One in five teenage boys do not believe it is always necessary to gain consent before engaging in sexual activity.
That's according to new research from NUI Galway, which surveyed 600 transition and fifth year students.
Friday reminder: You don't owe sex to anyone! Not even if:
*You're in a relationship with them
*They paid for your drinks/food/date
*You took them home
*You said you wanted to have sex
*You're already in bed together
— Active* Consent (@ActiveConsent) August 20, 2021
It found a significant gap between the perception of consent among males and females.
The report shows 93 percent of girls believe consent is a necessary precursor to sexual activity , while 79 percent of boys think the same.
The research is part of the the new Active Consent schools programme, which is being launched today.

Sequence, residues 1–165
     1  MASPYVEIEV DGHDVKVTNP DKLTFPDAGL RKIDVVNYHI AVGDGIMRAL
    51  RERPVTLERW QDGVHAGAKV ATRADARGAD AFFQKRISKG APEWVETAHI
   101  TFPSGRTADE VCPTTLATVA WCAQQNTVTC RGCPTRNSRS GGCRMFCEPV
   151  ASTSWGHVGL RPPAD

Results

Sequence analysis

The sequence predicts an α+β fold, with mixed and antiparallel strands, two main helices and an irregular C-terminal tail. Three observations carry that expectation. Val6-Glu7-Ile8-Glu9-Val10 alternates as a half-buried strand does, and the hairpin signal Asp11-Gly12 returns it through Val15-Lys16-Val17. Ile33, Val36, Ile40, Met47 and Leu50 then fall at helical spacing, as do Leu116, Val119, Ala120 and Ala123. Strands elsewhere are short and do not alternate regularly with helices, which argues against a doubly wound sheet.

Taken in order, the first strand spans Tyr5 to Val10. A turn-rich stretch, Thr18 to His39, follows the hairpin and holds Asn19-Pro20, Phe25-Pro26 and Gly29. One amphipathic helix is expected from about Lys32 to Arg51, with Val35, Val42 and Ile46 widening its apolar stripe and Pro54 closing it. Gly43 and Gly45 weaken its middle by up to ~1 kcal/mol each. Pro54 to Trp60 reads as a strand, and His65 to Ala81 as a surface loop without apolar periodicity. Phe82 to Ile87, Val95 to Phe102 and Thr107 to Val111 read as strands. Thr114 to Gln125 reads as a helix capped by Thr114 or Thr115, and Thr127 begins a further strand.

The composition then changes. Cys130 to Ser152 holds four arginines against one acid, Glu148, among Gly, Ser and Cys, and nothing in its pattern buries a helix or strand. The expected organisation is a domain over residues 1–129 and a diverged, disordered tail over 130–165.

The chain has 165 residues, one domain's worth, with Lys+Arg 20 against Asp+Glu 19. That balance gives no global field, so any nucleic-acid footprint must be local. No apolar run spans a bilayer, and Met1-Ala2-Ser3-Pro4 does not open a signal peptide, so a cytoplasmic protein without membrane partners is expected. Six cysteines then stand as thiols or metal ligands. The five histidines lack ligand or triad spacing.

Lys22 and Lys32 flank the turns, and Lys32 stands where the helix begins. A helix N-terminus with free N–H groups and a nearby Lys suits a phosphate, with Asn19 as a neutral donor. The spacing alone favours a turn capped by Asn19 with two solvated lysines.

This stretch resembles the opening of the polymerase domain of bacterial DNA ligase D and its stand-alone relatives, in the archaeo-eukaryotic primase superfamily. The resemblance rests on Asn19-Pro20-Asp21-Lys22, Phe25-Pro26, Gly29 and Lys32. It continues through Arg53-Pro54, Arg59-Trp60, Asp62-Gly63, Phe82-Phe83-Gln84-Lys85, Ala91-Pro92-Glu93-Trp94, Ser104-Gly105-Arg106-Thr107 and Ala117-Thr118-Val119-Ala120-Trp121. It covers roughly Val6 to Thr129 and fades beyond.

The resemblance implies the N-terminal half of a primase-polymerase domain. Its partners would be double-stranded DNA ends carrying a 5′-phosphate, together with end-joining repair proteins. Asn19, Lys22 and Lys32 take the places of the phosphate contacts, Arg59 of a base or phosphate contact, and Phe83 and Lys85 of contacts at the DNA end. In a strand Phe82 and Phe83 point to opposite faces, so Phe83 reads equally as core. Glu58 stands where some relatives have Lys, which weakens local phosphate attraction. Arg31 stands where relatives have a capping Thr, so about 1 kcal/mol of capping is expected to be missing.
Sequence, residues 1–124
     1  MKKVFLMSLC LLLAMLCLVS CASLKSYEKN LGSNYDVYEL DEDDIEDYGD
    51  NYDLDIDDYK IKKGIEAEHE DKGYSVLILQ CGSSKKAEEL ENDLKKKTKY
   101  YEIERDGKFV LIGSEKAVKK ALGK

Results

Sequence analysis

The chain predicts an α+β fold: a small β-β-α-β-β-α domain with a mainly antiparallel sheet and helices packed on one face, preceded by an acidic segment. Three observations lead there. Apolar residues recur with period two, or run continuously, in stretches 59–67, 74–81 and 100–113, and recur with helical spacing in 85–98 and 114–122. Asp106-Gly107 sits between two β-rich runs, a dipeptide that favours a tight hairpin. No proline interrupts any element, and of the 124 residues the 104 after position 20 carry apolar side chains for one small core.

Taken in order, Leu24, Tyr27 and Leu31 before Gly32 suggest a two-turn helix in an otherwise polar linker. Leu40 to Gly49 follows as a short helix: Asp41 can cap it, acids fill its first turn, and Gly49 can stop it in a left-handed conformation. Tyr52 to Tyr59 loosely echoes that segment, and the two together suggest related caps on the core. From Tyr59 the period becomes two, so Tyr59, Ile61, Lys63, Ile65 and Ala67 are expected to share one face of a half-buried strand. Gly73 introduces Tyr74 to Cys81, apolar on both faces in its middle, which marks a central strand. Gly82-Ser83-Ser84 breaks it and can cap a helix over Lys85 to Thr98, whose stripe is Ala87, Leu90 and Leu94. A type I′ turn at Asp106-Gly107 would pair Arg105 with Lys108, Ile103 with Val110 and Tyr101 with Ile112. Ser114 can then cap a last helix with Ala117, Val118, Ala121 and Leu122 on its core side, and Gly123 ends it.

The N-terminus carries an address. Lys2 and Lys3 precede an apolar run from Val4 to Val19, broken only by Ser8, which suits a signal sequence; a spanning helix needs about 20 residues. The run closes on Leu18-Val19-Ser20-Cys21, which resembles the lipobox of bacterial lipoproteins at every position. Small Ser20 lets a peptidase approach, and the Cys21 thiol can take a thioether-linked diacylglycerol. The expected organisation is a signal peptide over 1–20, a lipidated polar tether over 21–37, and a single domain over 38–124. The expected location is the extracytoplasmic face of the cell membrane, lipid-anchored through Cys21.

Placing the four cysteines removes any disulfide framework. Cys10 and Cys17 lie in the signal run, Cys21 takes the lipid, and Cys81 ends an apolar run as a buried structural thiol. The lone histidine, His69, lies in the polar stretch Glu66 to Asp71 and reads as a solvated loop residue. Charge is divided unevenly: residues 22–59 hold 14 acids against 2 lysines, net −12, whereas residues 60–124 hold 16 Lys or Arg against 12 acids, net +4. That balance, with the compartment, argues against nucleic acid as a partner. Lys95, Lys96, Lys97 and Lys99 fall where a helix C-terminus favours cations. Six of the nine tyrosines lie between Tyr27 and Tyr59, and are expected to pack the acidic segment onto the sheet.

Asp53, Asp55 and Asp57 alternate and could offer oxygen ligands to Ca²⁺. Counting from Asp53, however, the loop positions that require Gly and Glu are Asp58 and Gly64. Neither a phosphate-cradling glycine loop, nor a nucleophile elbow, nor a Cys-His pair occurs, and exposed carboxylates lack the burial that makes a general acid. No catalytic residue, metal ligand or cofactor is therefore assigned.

Co-Lead with the initiative, Dr Pádraig MacNeela, says many teenagers believe non-verbal consent is adequate.
He said some respondents believed a smile was a sign of consent.
"Even if there's no non-verbal consent coming from the other person the vast majority - mainly boys - think it's okay to proceed with that type of situation."
The Active Consent Programme aims to promote assertive, ongoing, mutual and freely given consent among teens.